If you are a mom like me, you’re probably tugged in a twenty different directions on any given day. You are constantly fulfilling the needs of others. From the demands of your job, to the needs of your kids, or your significant other to handling the daily household duties.
I know the feeling all too well. You are constantly giving away your energy and time. And that is when the two words leave your lips.
As a southern raised lady, I was taught southernesque politeness and as a courtesy, I would offer apologies as often as a cowboy tipped his hat to greet a woman. We make apologies for not buying cookie dough from all of your friends’ kids, we apologize for not having filtered water for our guests, and we apologize for not being able to do that ONE more thing in the day.
Do you find yourself apologizing to others when:
- You miss a meeting or function because your kids are sick?
- You didn’t make dinner and grabbed takeout instead?
- You are at work to your boss?
- You forgot to send something to school (I did this just yesterday, myself)?
- You just didn’t have enough time to get the house all tidied up?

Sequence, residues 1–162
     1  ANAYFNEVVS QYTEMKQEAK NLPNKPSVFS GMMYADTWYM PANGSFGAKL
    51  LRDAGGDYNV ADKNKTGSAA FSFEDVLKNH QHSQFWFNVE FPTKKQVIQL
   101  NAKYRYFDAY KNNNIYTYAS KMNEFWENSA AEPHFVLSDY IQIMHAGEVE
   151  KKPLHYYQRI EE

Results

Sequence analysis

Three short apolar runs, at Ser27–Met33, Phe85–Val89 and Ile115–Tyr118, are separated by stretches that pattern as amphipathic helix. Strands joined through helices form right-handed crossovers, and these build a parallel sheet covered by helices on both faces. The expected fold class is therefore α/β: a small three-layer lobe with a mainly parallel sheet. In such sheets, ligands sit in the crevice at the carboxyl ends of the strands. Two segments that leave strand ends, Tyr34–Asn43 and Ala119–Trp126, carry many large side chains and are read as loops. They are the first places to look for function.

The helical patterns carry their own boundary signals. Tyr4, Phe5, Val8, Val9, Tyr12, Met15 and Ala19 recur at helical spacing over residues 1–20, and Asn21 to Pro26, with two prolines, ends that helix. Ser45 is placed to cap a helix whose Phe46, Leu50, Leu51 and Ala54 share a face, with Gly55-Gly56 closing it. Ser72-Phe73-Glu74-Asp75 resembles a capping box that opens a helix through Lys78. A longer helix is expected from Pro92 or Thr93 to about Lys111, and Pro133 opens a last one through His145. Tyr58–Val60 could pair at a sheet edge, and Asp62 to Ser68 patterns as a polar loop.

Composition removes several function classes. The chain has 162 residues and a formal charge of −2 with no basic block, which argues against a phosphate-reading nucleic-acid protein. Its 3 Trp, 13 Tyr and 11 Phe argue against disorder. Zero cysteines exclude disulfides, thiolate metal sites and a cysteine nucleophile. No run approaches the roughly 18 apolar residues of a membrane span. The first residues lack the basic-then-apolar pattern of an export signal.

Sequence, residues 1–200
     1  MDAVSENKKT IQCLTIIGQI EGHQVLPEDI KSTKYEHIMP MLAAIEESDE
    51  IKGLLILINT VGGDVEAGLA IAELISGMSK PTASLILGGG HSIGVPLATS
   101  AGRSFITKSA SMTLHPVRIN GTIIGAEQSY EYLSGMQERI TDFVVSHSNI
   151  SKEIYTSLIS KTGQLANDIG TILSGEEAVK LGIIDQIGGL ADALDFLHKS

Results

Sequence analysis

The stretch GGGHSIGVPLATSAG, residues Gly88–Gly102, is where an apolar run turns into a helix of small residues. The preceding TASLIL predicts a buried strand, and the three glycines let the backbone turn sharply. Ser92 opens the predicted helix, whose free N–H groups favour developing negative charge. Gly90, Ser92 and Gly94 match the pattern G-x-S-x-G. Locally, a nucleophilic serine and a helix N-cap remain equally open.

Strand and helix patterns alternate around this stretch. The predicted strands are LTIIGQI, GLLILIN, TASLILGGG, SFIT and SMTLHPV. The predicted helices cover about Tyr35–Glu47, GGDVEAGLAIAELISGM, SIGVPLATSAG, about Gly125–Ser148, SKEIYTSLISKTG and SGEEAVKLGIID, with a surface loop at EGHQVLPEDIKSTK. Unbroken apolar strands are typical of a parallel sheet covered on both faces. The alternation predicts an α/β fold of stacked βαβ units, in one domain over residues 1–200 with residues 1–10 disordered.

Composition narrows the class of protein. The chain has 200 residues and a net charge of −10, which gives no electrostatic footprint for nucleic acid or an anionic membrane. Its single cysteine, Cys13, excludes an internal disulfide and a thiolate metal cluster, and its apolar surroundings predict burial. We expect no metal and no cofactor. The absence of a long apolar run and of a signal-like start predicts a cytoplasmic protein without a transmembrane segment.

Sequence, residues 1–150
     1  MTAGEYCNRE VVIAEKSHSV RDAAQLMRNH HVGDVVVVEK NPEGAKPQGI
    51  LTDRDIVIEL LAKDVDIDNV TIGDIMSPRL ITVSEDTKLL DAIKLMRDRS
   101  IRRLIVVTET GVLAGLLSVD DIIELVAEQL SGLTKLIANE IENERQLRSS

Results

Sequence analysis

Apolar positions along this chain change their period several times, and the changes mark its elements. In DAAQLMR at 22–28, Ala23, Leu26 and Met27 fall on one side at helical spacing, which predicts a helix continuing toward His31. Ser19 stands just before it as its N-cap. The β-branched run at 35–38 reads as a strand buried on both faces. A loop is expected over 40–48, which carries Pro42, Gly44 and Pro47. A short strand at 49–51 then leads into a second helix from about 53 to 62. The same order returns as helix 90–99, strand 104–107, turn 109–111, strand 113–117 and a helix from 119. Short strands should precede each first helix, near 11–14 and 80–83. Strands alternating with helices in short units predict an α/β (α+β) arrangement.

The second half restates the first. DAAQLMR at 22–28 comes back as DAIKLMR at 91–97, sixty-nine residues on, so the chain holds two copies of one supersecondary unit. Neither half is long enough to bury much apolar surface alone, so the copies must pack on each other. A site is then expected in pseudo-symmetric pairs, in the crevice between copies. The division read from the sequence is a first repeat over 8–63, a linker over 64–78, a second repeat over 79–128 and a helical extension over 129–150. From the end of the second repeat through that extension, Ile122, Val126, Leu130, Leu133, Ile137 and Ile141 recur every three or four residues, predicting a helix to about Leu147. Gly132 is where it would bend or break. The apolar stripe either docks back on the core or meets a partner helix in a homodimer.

In the modern day, we are not June Cleavers, by any means — and even she had her days, right? Today, saying “I’m sorry” has become our go to response to any combination of situations. Saying you’re sorry is often felt as an admission of failing. Failing your kids, failing your friends, failing your spouse, and even yourself.
Is an apology an admission of any true wrongdoing? Are you genuinely at fault for something? Or are you feeling remorse for the lack of ability to have it all together, be in several places at once, and be super mom?
Anyone can go to a parent meeting, bake cookies, or volunteer at a school function. However, we are not super moms (sorry to burst the bubble) and handle all of those things while preparing dinner, helping one kid with their homework, picking up another kid from there, planning a birthday party, paying the bills, and walking the dog —- ALL AT THE SAME TIME.
By setting reasonable expectations and practicing better time management, this will assist in not walking into the small town of apologiyville. You know your limits and there is not need to bring on the feeling of guilt nor an apology.
Here are a few tips to kick “I’m Sorry” to the curb:
- Keep a mini notebook and make a note of when you apologize during the day. Write down why you felt the need to apologize. At the end of each day, determine is there pattern. This will help you become more aware of when you apologize.
- Choose your words wisely. Pay close attention to the value you place on your words. Think of a trending phrase, it begins to lose traction over time and your apologies will too.
- Give them a “thank you” instead of “I’m sorry”. Here is an example: Thank you for understanding, I truly appreciate you and your patience.
Try one of these tips above and come back and let us know what happened.
From my fingertips to your eyes